As for training classes, I love them! My pup has been through 3 or 4 rounds of group training classes through a local trainer here. It's helped with a lot of different skills and manners as well as socialization. As first time puppy owners, our trainer, who has many years of training experience and has also owned her own dogs/puppies for many years, has been a great help and resource to us so if you find a good trainer it can definitely be beneficial. Our trainer also offers like "fun & games" classes and nose work classes and has group dog walks that anyone can attend which is nice as well so depending on where you go to train, they may offer some other options as well which is always nice.

For the exercises and winter - honestly my pup was fine just running around the house. Puppies get tired pretty quick and sleep a lot so it doesn't take much. When my Bella turned about 6 or 7 months is when her energy really started to be through the roof - by then it should be closer to spring so you can start doing more outdoors (hopefully, anyways! Not sure when Alaska spring really starts, lol)
 

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You could also consider rescuing a dog,2-5yrs old,already house trained and all :)
 

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Discussion Starter #5 (Edited)
Thank you for all the tips everyone!

I'll be sure to ask the breeder for tips on potty training puppies up here in winter, I'm surprised I hadn't thought of that, thank you.

I am leaning towards a doggy day care where they'll be kept active and be able to socialize and play and maybe get some training in once they've had their shots. Until then, though, I might just have to pay someone to check in on them. Ideally I would take them out several times a day, but with my job that's just not really possible. I'd be able to come home for a bit on lunch, but that's not enough. This is going to take some thought, but I'm sure I'll think of something I can do.

I think that group training classes would be really beneficial, but I guess I just don't really know how that works so I'm a bit wary of it. I suppose I can call a few training places here and see how the dynamic of those classes works.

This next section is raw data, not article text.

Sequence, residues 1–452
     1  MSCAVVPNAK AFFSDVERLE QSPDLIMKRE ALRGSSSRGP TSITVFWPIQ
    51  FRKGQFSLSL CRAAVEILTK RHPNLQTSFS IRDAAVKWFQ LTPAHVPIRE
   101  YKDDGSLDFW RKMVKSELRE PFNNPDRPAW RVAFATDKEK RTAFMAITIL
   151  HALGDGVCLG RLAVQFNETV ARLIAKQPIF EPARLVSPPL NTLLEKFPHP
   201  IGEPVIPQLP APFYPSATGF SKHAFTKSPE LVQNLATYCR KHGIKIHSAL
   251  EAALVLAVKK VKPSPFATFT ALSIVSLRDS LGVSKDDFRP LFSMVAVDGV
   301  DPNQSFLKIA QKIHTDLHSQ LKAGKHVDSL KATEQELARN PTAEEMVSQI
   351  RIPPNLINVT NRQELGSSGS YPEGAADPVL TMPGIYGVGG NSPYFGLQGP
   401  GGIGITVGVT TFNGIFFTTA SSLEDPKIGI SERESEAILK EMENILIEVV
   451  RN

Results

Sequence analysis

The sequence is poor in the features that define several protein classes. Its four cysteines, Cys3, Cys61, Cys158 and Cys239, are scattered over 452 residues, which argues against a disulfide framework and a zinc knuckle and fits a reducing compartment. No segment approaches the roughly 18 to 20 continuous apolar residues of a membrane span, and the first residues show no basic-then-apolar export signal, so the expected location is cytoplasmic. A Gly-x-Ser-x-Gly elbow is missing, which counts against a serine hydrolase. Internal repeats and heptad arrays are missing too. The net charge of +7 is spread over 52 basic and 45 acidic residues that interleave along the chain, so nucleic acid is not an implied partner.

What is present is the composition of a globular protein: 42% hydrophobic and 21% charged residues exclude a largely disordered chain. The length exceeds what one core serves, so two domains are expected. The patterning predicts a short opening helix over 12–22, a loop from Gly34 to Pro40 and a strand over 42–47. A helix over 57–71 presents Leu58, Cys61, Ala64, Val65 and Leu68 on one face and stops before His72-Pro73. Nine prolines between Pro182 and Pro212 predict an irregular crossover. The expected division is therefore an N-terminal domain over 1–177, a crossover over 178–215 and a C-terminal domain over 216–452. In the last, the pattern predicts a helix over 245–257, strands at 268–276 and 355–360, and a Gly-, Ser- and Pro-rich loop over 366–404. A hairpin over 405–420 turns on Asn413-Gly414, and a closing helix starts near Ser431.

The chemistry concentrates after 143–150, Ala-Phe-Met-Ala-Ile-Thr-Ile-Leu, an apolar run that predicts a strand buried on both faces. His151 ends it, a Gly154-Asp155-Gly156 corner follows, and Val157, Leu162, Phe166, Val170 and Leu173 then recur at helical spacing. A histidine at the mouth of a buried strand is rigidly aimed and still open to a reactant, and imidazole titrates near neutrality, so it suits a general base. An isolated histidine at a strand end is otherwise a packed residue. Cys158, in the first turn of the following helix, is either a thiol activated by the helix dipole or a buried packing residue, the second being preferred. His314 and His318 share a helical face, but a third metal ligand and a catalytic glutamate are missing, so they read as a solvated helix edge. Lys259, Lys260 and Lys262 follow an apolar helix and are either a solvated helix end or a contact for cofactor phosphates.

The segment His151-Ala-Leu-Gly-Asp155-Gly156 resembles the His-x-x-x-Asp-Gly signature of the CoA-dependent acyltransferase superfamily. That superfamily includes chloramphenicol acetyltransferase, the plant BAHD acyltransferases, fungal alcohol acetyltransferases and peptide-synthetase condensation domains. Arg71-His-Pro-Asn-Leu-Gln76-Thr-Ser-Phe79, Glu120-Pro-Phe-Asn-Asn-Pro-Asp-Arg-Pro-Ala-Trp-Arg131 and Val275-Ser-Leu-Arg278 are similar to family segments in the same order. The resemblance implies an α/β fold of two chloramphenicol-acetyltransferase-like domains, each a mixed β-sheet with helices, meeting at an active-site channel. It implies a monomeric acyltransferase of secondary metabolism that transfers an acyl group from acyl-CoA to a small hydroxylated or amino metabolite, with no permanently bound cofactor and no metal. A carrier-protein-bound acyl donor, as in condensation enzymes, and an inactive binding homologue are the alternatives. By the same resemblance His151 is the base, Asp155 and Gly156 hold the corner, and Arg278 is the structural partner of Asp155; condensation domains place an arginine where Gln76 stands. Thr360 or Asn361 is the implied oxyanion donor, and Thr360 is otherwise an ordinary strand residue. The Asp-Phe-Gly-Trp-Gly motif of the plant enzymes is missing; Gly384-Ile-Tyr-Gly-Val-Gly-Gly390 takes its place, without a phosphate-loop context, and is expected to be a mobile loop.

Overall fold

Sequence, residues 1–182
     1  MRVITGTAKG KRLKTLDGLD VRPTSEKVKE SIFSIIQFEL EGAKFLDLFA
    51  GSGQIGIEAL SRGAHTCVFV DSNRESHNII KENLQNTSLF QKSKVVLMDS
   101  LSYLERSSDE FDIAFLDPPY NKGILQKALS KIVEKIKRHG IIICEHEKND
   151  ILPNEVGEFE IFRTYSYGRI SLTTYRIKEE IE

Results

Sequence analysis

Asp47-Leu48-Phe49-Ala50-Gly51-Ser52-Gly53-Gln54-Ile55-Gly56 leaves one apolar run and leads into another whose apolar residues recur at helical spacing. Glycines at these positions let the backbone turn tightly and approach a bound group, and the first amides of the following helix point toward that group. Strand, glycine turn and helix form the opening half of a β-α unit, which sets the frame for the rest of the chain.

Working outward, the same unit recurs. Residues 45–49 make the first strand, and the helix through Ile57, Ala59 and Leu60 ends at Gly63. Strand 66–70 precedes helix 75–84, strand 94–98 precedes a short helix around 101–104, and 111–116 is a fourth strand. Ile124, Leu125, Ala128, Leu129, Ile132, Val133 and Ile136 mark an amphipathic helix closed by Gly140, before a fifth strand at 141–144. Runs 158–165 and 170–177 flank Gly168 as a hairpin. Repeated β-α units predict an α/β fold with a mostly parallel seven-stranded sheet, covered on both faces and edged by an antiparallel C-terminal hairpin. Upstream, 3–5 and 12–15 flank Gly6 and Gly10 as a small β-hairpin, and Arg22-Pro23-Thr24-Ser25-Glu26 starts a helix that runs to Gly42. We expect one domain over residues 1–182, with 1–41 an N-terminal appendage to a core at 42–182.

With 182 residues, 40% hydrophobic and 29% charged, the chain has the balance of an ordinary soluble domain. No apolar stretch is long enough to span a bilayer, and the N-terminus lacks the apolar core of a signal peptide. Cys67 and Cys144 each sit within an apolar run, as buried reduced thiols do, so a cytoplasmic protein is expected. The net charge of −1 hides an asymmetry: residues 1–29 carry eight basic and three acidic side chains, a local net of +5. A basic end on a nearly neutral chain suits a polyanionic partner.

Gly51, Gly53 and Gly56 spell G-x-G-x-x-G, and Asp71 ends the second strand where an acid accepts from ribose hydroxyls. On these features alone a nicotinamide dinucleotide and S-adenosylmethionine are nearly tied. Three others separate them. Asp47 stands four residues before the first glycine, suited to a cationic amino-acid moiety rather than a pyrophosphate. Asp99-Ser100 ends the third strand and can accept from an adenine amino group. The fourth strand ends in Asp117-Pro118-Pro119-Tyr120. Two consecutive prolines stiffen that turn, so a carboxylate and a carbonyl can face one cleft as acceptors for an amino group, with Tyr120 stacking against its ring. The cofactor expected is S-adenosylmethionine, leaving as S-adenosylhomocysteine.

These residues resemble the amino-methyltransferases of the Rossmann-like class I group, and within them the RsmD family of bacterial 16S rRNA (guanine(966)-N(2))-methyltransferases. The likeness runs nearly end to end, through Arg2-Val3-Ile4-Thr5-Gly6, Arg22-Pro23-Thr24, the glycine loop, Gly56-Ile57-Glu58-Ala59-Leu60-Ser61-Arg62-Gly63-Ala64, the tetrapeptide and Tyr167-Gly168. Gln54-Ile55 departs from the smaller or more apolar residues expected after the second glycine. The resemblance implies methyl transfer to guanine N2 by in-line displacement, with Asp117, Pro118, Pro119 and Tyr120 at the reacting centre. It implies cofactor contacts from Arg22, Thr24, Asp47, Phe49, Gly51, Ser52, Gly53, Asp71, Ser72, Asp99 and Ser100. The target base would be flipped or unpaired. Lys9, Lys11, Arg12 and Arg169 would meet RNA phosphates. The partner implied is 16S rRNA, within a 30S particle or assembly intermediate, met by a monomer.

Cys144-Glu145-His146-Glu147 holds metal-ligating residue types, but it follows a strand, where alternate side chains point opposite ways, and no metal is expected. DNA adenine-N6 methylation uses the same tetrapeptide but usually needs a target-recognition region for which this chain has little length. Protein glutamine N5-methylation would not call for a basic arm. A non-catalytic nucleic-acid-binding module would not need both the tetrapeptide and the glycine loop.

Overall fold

I have a pretty big basement, so there will likely be lots of running around happening down there until it warms up outside, and then we can go hiking!!

Yes, I did put a lot of thought into getting an older dog, but because of the specific training purpose I have in mind, a puppy just made more sense. Perhaps for my next dog, I'll rescue. :)
 

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Puppies are fun to cuddle, but don't provide emotional support until they're much older! Some Boxers are so independent, and stubborn, they may be non-compliant with your needs:cry2: Veterinary care can be expensive, and it's not unusual for a puppy to ingest a foreign object. This could require surgery that might run well over $3,000. I think doggie daycare can also be pricey.

A family I know, here in Wisconsin, was forced to use their garage for puppy potty during a really rough winter! They never were able to get the dog to consistently use the outdoors after that, and had to relocate it. If you have a house with a door to the outside, you'll also need to make sure a path is shoveled to put the puppy on the ground. I've done this in freezing temperatures, with gale winds, and puppy diarrhea! It's nasty, but it helped to have a husband that took turns!

If you have a dog rescue organization nearby, you might volunteer to do foster care. Getting a young dog that has been crate trained already, in the spring, might be another option. It's so AWFUL to have to relinquish a dog you've grown to love. I just want this to work out for you, and for you to know what puppy care requires.